My first 6 months as a manager looked something like the high school years of a teenage girl: lots of ups, way more downs, and me trying to not break down on a daily basis.
I had come into my role as a manager never having management experience before, and suddenly, I was in charge of 10 individuals who were looking to me for all the answers. I had NO idea the challenges and time that came with that, and I will be the first to admit that I struggled with it. All of it. The constant interruptions. The questions I didn’t have answers to. The small problems that seemed so petty but you still had to resolve. When I say that I had to hold back many tears those first few months, I’m not lying.
Because here’s what I didn’t know that I know now: managing is tough. It’s a completely different beast than what you’d expect, and one that at times isn’t easy to tame.
I’ve since come up for air from those first few months of just trying not to drown and am slowly starting to learn how to tread the waters of my new position. And in doing so, I want to share with you the top 8 lessons I’ve learned as a new manager that will help you kill it when you get into the same role yourself.
UNDERSTAND YOU CAN’T DO IT ALL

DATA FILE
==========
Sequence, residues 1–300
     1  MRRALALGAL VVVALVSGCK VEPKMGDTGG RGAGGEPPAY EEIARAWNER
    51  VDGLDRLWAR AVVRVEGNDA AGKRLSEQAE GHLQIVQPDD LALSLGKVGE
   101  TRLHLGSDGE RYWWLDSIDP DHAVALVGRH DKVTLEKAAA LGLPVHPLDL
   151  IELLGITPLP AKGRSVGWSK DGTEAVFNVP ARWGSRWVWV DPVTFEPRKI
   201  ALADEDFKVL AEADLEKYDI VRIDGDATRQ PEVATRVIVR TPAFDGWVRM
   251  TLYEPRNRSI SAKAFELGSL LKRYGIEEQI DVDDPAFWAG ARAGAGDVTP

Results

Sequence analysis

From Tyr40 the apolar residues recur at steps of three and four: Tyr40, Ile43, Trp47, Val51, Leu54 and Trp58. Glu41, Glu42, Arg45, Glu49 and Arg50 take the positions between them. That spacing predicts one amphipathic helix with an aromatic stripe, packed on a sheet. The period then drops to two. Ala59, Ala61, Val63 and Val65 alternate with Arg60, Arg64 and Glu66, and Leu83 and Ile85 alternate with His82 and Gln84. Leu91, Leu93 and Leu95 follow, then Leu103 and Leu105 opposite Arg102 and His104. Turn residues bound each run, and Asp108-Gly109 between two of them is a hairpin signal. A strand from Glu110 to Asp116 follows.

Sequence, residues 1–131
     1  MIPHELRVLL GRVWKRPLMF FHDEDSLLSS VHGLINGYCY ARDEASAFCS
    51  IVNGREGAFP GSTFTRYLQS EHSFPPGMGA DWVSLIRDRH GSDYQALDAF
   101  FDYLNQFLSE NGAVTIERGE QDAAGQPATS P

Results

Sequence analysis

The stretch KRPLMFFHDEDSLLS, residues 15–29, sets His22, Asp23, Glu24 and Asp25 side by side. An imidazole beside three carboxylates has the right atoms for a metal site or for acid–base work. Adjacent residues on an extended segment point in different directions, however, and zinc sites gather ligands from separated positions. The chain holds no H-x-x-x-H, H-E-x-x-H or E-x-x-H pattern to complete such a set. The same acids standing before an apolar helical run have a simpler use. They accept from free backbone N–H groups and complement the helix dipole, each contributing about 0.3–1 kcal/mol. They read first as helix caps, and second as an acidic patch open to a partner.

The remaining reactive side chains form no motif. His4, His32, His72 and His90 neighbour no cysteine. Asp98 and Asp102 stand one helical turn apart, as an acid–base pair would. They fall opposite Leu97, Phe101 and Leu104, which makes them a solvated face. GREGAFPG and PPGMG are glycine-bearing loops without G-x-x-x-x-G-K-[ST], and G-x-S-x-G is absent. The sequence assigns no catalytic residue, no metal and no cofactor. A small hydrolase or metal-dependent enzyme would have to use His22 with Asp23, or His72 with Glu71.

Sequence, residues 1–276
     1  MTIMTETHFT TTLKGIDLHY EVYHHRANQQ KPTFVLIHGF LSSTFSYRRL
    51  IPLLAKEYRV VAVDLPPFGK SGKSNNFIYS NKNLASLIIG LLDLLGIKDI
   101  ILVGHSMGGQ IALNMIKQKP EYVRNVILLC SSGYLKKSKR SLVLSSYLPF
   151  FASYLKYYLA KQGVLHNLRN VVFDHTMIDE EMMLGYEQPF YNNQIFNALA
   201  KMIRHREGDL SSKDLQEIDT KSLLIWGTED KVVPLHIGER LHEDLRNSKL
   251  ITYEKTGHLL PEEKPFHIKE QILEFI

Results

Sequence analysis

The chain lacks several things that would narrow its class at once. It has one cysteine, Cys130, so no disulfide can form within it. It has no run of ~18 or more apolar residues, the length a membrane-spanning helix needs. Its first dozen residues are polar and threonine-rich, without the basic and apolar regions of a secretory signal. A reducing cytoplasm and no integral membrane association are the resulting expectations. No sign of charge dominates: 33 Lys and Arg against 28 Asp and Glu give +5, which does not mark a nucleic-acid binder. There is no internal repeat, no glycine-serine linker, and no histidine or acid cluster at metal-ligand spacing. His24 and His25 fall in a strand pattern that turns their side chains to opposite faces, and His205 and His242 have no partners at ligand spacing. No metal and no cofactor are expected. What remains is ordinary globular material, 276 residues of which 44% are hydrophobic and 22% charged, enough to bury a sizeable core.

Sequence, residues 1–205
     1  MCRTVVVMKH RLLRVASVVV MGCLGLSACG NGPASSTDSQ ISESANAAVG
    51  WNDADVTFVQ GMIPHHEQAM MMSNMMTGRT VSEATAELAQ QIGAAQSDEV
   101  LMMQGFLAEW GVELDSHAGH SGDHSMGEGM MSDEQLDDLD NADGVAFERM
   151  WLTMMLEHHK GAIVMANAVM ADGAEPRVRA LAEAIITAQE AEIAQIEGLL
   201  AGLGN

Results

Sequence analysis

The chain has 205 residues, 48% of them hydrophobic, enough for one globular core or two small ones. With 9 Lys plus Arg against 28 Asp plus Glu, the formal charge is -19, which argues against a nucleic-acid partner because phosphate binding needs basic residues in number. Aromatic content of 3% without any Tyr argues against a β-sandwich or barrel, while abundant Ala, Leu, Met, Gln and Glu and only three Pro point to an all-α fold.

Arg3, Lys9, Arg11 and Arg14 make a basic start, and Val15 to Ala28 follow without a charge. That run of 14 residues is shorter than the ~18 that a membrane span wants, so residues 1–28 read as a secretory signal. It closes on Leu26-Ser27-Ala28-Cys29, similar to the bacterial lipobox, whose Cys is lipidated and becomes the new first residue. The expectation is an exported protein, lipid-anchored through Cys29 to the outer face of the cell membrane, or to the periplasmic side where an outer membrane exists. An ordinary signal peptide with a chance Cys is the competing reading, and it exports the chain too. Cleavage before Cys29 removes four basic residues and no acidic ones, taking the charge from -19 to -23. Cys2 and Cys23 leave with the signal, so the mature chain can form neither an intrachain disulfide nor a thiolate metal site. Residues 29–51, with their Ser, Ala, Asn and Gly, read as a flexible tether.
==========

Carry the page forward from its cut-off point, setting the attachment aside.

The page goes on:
In my previous position, I was a worker bee, meaning every day I was able to put my head down and get s#@! done. And a lot of it at that. However, I soon learned that as a manager, you have to take time to actually manage, which means that at least in some aspects of your job, you have to get out of the trenches.
Learning to prioritize and delegate your responsibilities is probably one of the most challenging but necessary aspects of any managerial role. You will get many requests thrown your way, but you need to be able to discern which ones take precedent and which ones can be put on the backburner (at least for now). And you need to know which ones you can do and which you need to take off your plate. As a manager, your function should be more to review than prepare, and you need to build a team you trust to enable you to do just that.